Harry Potter and the Curse of the Factual Error: Can You Spot J.K. Rowling's Pottermore Mistake?

JK Rowling
J. K. Rowling attends the press preview of “Harry Potter and the Cursed Child” at Palace Theatre, London, July 30, 2016. Her very public ire for Trump, Brexit and other right-wing causes has often made her a champion within progressive online communities. Rob Stothard/Getty

J.K. Rowling's fantastical Harry Potter stories have made fans worldwide believe in the seemingly impossible: magic spells, Dementors and even chocolate frogs that come to life when unwrapped. But this inconceivable feat may be a stretch of the imagination too far even for the boy wizard.

Ahead of the release of new spin-off movie Fantastic Beasts and Where to Find Them , which follows magical explorer Newt Scamander's (Eddie Redmayne) adventures in America, Rowling has penned short stories over the last year providing some context about the use of magic in the U.S. before it is unleashed. (The new film is set in New York, whereas the Harry Potter movies had a wholly British feel.)

The latest of Rowling's shorts is titled: The Magical Congress of the United States of America (MACUSA), detailing the history of the U.S. equivalent to the Ministry of Magic (which hopefully has more friendly ministers than Dolores Umbridge), and was published last Thursday. But it seems American history may not be the author's strong suit as many readers noted a factual error in the story.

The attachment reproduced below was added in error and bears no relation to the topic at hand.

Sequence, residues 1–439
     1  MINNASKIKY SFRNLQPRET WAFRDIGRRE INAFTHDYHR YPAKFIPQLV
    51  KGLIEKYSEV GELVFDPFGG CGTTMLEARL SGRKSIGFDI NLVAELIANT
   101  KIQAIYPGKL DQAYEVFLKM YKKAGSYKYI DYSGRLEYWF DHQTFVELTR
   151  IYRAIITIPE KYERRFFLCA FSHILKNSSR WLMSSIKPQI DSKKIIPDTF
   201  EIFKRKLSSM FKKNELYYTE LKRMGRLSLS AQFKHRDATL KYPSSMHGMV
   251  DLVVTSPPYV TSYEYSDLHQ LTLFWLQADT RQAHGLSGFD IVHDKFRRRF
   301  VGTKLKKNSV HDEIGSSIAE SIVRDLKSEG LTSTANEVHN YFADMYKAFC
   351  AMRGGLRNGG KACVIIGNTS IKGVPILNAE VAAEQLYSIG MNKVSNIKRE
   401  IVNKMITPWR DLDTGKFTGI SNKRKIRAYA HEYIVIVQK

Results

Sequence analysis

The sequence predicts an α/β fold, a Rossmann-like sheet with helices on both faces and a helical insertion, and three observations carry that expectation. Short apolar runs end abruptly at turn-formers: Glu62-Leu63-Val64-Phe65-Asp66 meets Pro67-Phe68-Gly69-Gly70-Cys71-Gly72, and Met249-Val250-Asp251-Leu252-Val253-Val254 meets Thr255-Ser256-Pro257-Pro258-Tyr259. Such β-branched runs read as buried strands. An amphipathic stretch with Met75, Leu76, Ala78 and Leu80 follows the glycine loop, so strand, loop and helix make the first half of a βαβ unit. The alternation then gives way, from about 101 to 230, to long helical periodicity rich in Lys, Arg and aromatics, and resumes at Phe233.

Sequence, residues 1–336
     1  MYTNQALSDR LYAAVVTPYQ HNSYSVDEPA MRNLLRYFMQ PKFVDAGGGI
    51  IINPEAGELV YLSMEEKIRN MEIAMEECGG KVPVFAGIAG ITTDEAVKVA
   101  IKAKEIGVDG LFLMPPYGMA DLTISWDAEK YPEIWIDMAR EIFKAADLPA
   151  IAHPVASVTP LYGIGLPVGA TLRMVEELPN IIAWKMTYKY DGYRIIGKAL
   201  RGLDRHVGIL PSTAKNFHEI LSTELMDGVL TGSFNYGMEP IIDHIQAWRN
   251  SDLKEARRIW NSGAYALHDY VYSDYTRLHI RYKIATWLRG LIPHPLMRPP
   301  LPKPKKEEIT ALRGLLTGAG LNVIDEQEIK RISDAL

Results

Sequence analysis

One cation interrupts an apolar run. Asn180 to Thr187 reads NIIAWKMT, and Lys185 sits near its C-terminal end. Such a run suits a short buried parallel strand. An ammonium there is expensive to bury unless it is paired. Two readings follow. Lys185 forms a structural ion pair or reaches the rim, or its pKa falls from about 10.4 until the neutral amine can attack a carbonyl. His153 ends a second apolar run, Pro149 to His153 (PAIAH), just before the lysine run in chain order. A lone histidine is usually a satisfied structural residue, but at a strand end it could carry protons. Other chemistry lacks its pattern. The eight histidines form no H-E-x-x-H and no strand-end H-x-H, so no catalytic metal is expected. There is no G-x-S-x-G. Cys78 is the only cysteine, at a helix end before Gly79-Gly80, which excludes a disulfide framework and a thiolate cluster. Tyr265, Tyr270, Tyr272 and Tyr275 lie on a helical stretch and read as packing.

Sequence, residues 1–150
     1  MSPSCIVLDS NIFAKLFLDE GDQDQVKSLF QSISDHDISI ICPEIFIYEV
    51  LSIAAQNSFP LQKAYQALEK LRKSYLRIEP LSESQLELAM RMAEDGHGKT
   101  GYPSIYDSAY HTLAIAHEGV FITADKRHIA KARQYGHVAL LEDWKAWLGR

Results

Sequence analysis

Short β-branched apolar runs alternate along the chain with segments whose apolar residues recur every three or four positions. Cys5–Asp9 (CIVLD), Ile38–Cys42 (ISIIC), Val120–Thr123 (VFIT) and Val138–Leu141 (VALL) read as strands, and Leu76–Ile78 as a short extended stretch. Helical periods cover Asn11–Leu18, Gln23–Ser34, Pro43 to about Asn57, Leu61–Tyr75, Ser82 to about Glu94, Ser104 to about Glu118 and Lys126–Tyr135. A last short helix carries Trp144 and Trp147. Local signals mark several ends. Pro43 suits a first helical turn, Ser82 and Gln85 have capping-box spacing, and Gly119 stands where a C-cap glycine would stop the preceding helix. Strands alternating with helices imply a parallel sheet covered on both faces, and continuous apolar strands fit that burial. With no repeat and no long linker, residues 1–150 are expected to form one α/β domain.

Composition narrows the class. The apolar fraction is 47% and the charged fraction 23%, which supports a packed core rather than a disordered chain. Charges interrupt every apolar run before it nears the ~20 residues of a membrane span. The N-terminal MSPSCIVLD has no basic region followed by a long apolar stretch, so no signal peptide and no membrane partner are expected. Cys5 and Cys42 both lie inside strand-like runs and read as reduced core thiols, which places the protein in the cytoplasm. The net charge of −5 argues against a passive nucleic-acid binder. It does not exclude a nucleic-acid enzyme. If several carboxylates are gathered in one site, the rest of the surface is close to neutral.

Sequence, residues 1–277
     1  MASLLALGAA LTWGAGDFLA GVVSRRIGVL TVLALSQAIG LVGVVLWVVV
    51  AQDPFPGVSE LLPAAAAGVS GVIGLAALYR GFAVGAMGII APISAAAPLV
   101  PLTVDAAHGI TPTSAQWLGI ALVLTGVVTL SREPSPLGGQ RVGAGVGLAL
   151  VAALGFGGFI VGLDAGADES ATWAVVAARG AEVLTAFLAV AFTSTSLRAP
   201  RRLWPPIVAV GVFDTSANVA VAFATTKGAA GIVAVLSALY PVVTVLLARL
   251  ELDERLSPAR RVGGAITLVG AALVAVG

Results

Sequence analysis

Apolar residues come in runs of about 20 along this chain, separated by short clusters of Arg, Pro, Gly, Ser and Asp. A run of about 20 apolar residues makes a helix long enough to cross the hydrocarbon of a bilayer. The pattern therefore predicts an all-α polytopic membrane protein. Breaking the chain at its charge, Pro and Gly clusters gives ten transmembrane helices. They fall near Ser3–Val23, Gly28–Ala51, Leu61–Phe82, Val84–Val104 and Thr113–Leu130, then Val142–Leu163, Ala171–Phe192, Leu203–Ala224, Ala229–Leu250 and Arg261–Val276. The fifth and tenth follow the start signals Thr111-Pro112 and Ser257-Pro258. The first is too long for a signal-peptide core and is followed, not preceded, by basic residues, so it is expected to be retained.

Pottermore mistake

Rowling says that the MACUSA, the governing body of wizards and witches in America, had relocated several times before eventually settling in Washington, D.C., where a famous meeting was held about the future of the U.S. magical community. "It was in Washington that President Elizabeth McGilliguddy presided over the infamous 'Country or Kind?' debate of 1777," writes Rowling.

However, Washington, D.C. was not created until 1790—some 13 years after the events Rowling describes.

One fan wrote:

Perhaps Rowling means to suggest the U.S. wizarding body found the land before it became the country's political heart? Perhaps they moved in the shadows of Washington, undetected by their muggle co-habitants, and even used their witchcraft to influence the politics of America? In which case, one can only assume that dark magic is at work in the ongoing presidential election. All of a sudden those Voldetrump comparisons do not seem so far-fetched.

Harry Potter and the Curse of the Factual Error: Can You Spot J.K. Rowling's Pottermore Mistake? | Culture